What is RTS? Is it Russian stock market? It has increased the last 3 years. My bank invests in a spectrum of Russian stocks (Volgatelekom, Yukos, mining stocks, etc.) it is up 17%, 37% and 26% the last three years....

The Dow passed 14,000 last week, because of Bernanke's decision to lower interest rates...money decided to flee their real-estate investments because of lower interest rates and come back into the stock market. Right now, with many more buyers than sellers, of course the market is going up...

Too bad for me, with my put options...oh well, maybe there will be an October surprise...

Fantastika
07-10-2007, 16:58
yeah, keep hoping and wishing for the economic meltdown that will never happen. it's too bad the Germans allowed Lenin back into Russia. You have him and the rest of the Bolsheviks to blame for your country wide poverty. he alone set you back 100 years....



I think Lenin actually did a lot for the economy of Russia. Before Lenin, it was very backward economy. He was able to make it into an industrial power, and his successors, relatively properous. Then by the 70's, like you said, it was failing. It was a bad model in the modern world.

The rest of the world was getting rich through trading, while the USSR tried to do everything on its own, create an alternate society, within its borders.

Also, the communist model rewarded laziness. You were guaranteed a job, so why strive for something better? I can remember pictures from Communist China, before they decided to dump their model and embrace capitalism. The communist Chinese were lazy and their country was joke. No one worked, why should they? what was their reward? They were becoming the world's worst economy, average income was $300/year...

That changed. China encouraged entrepreneurship. And so is Russia, now, taking steps to encourage creative hard-working individuals.

Only now, that Russia is finally trading with everyone, importing cars, tv's, computers, by the millions, in fair exchange for its oil and raw materials, and the rest of the world is jealous? It prefers that Russia become backward country again? Media hates that Russians are becoming prosperous? Western media brainwashes readers, to demand that Russia sell its oil (but no one else, not Saudi Arabia, of course, which breeds terrorists) at below-market prices, and accuses them of "political maneuvering" when they ask for the fair market value.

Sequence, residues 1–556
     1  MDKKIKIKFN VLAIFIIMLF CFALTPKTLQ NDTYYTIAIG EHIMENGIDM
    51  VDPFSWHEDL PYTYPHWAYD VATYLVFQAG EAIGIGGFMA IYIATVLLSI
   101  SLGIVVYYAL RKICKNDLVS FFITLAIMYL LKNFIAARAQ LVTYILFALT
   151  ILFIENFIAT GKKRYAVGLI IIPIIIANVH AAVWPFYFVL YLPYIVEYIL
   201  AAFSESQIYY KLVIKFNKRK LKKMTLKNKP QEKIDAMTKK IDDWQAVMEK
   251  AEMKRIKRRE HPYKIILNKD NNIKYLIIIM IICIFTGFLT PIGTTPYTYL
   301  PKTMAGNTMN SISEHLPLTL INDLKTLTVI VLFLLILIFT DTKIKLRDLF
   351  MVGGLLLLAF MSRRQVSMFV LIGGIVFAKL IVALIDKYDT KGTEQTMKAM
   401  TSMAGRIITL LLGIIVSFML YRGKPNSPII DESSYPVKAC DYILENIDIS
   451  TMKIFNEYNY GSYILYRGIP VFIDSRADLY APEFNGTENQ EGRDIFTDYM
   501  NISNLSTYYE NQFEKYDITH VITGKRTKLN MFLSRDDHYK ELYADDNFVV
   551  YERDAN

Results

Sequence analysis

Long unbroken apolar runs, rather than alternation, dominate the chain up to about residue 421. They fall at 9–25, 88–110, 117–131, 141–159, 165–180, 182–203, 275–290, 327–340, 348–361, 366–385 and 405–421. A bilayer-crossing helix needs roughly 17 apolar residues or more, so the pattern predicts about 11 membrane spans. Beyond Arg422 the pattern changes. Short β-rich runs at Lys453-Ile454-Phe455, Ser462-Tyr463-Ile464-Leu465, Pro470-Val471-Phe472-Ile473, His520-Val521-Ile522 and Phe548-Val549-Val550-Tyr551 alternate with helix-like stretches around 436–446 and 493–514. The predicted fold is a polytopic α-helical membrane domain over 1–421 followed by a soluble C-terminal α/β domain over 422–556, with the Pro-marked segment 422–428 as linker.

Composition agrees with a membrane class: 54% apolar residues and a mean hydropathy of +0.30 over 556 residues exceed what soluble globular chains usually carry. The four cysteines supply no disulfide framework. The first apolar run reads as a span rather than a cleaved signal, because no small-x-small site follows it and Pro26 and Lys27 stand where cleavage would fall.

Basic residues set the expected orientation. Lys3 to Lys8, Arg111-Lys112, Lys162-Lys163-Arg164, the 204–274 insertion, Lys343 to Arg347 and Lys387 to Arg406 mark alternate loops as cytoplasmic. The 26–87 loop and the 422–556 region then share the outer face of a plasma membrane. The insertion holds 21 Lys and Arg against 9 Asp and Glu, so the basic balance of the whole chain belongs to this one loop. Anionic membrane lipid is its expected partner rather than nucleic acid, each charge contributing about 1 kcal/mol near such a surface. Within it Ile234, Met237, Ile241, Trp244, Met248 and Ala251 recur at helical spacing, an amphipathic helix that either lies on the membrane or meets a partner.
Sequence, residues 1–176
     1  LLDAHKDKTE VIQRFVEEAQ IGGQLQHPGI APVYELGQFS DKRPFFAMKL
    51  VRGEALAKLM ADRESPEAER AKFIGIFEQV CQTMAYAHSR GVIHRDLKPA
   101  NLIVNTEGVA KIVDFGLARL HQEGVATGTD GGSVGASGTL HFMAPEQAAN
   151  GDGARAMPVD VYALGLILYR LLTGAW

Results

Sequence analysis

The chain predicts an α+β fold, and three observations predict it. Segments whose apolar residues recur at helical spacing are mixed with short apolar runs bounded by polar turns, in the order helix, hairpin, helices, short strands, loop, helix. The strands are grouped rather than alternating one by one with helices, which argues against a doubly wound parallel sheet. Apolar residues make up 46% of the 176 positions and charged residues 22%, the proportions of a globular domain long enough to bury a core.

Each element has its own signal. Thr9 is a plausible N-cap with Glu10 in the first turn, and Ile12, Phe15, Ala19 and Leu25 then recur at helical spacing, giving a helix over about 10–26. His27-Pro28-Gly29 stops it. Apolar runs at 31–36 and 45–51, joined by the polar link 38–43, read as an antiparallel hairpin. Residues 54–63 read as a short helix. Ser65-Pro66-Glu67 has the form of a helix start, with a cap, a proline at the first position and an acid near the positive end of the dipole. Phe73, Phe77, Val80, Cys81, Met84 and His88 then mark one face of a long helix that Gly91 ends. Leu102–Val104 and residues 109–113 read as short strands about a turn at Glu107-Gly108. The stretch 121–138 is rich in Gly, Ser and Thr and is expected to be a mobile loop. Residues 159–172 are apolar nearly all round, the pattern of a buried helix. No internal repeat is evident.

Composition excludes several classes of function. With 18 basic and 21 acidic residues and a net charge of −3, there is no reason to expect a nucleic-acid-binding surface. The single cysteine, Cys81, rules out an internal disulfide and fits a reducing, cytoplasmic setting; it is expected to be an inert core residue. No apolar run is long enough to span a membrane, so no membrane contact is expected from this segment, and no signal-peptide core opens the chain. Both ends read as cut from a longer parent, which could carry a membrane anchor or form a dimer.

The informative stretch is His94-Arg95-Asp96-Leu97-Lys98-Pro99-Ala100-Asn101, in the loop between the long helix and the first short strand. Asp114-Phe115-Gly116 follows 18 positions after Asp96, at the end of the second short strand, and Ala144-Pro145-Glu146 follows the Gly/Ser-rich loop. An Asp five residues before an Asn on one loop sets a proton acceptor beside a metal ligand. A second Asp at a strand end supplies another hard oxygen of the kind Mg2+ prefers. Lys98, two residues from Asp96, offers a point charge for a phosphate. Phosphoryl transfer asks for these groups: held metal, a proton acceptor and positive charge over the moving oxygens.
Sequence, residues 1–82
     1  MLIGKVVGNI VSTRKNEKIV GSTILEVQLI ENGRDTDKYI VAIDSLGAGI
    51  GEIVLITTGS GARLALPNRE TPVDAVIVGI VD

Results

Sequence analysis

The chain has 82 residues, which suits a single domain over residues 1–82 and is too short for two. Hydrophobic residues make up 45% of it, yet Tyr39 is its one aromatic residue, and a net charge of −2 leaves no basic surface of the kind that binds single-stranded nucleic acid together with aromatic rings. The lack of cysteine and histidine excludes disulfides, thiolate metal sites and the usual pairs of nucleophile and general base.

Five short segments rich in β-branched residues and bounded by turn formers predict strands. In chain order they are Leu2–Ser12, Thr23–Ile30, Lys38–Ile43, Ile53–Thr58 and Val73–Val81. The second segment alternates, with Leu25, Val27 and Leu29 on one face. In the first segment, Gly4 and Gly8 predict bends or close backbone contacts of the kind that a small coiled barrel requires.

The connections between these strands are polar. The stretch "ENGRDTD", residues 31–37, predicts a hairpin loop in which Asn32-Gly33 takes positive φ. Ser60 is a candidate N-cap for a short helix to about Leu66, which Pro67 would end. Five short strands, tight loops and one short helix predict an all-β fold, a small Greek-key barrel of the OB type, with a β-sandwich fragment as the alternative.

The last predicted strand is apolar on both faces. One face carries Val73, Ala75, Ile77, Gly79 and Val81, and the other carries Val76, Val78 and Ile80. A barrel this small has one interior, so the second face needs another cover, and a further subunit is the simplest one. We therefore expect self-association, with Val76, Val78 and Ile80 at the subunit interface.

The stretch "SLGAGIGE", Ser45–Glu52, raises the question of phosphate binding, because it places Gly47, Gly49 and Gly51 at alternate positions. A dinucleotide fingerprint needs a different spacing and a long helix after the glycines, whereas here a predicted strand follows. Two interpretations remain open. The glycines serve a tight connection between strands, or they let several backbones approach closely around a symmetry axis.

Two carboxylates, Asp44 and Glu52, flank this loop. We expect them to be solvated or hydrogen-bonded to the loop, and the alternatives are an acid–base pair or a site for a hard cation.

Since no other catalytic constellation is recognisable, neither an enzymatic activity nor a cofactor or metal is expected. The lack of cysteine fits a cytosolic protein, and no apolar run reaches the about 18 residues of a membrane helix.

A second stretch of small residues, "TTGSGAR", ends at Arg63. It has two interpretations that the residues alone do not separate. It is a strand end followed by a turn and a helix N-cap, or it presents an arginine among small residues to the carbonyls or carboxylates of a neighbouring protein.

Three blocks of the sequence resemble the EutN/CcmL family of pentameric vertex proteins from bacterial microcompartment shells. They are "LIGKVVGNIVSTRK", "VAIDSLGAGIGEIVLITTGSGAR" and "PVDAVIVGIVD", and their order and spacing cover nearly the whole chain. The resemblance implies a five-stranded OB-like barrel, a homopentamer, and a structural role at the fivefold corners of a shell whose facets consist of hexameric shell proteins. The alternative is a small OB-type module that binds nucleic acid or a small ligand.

What a joke!

Where is the criticism of China, Korea and Japan?

Did you know that the two-cycle gas engine was invented in communist East Germany? This idea was stolen by Japan, and they made it into a bounty for themselves, first with the two cycle motorcycles -they flooded the world with Kawasaki, Honda, etc. motorcycles, making billions, while the East Germans made not a kopek.

The Japanese made everything from this two-cycle idea - lawnmowers, hedge trimmers, chain saws, etc. Billions and billions, from a stolen idea.

Since the rest of the world ignored patents and copyrights as far as Russia was concerned, anyone could steal any ideas from here.

When I worked for US Government, we sent representative to japan to look at their computer industry. he reported their entire microchip industry was simply a copy of everything the US had previously developed. The Japanese produced identical copies of all the chips and sold them for below-market prices, driving US companies out of business, so they could gain market share.